“Not just Cassie and Suzi, either. When Brett started asking questions, I realized you’re the only one who never even tried to have a relationship.”

“What do you mean I never tried to have a relationship? I’ve dated a lot of guys.”

“None seriously.”

“Like hell.” Tessa chased a kernel of corn off the edge of her plate.

“Name one guy you dated for more than a year.”

“Just because I’ve never dated anyone for more than a year doesn’t mean I haven’t dated seriously. What’s up with you, being so nosy? It’s my life. Get out of it.”

“Now I know why you’re alone. You’re fucking impossible to be around.” Jason stood up and stomped away.

Only one nudge. Huh. She set aside her unfinished salad. Everyone else had gathered up near the house, leaving her alone at the bottom of the yard. Jason leaned over Cassie, talking to her rapidly. Cassie kept casting glances down the garden with much the same expression as when the girls were fighting about something stupid and she was asked to intervene. Cassie wouldn’t be as easy to shake.

Tessa tossed her plate out on the way back up the yard. So Brett had asked Jason about her. Probably Suzi, too. Their original arrangement hadn’t been so bad. All she needed to do was explain to him that she’d been premature in ending things. All work and no play did make Jill a dull girl, after all. And while that was cooking along nicely, she could set in motion the adoption of an orphan from some poor country someplace. Why go through pregnancy when she could rescue a ready-made kid from grinding poverty?

Maureen stopped her at the bottom of the deck stairs. “So what’s up with you and Brett?”

Tessa blinked. “Me and Brett?”

“Sure. A little bird told me he was quite interested in you, and another one told me that he’d been into your office a couple of times.”

“A little bird?”

Maureen shrugged. “You know how it is.”

“Yeah. I do.” She started up the deck stairs. How many people had he talked to? Her brother. Suzi. Honestly, that was all he needed. One was all he needed. Her love life wouldn’t make it into the gossip rags, but it would make the rounds among this group fast.

Brett leaned on the railing, talking to Marc about the recording, but as soon as she appeared, Marc needed a fresh drink. Huh. Brett raised one eyebrow at her, but the corners of his mouth turned down. “You want something? Or someone?”

“Why did you talk to people about me?”

“Because I wanted to know more.”

“Why? All we had was a carnal meeting. Remember?” She glanced around to make sure no one was close before hissing, “Two bodies going bump in the night?”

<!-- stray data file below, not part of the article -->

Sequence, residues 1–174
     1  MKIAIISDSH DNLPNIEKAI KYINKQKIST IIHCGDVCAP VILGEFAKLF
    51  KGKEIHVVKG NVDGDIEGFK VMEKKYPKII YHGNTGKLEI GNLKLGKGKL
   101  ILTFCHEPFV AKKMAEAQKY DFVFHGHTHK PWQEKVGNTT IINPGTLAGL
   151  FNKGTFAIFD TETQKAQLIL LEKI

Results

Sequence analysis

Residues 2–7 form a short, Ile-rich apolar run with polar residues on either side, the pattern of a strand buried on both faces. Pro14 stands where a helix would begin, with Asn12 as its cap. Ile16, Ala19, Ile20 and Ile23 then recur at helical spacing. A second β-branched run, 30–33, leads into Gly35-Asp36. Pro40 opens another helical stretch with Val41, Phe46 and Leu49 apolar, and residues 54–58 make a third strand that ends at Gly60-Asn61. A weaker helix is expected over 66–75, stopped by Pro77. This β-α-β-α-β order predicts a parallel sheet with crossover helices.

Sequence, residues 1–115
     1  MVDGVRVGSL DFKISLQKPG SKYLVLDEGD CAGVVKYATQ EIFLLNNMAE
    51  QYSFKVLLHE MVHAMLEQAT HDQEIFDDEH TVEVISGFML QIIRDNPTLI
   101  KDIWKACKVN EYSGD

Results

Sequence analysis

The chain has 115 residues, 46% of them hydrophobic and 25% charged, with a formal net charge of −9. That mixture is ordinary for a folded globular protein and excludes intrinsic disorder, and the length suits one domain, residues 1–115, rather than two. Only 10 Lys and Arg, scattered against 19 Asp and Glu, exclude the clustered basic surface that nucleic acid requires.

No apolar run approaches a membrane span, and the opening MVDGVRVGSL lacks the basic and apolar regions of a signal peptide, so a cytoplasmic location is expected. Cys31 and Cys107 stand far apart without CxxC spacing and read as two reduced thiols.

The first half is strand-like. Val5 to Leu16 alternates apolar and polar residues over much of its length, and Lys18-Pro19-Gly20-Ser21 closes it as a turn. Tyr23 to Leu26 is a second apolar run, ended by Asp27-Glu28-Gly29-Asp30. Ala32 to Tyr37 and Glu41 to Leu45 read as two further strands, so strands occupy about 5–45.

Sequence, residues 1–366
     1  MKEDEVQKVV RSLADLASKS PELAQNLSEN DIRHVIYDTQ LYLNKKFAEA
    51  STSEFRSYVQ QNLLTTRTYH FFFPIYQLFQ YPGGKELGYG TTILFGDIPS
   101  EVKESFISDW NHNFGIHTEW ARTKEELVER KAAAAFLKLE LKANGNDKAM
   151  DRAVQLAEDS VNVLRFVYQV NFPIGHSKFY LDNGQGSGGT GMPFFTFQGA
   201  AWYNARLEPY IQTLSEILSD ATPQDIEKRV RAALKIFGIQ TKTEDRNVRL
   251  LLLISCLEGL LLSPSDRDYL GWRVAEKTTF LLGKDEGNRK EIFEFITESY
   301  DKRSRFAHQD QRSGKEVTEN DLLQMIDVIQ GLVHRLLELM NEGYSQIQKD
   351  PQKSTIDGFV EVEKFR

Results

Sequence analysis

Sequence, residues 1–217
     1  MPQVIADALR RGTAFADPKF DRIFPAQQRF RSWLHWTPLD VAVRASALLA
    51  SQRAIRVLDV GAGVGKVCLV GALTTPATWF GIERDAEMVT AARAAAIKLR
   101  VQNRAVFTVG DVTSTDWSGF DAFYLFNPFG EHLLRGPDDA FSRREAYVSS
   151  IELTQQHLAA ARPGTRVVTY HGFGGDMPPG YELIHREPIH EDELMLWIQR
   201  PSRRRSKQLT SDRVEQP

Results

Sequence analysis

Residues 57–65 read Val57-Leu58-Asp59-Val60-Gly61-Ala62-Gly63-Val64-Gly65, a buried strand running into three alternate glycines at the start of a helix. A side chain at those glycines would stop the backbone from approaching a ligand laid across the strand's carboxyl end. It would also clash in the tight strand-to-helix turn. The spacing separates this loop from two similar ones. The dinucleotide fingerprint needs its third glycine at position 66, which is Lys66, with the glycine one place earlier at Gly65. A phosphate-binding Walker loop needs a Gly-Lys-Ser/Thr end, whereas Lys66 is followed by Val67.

“I changed my mind.”

Tessa smirked. “Well, it takes two to tango, and you are dancing alone.” She pushed away from the railing.

“Dammit, Tessa, can’t you see that I love you?” Brett snapped.

Her shoulders drew up as her chin sunk into her chest. Her stomach turned to lead. Either her hearing had failed or the entire party had stopped in its tracks. No, she could still hear traffic on the street. She opened her eyes, which she didn’t remember closing, and looked around. Everyone was staring at her. Everyone. Leaving that reception with Brett had been the dumbest thing she’d ever done. Stupid little boy. She turned back to him.

He’d straightened from the deck railing, but instead of anger in his eyes she saw bewilderment and pain. Stupid, stupid little boy. Without thinking, she snatched at his hair to drag him away. Brett jerked out of her grasp, losing a few strands to her fingers.

Tessa gritted her teeth. Stupid, stupid, stupid little boy. Didn’t he realize everyone was watching them? She stomped into the garage. What had she been thinking? Not just going away with Brett the first time, but continuing to sleep with him? Looking forward to seeing him? Clenching her hands until her fingernails dug into her palms, she paced between Brian and Suzi’s cars.

The garage door opened and closed. “If you wanted to talk to me, you could have asked instead of trying to drag me in here by the hair, cavewoman style.”

“I don’t want to talk to you.”

“No, you don’t, do you?” He leaned on the door, blocking most of the light through the window. “You just want to fuck me.”

She did. Her legs ached to be wrapped around his hips. More than that, she wanted to feel his arms wrapped around her shoulders and hear his voice whispering in her ear.

“You know what? I think you’re right.” Brett walked around Brian’s car to the inside door. “Suzi said we could talk about why you couldn’t love me all day and never get it right, so I asked Jason about you. I thought if I knew what you wanted, I could give it to you, and you’d love me, but I think I’ve figured it out. You don’t want anything or anybody. You want to be alone on your own little emotional island.”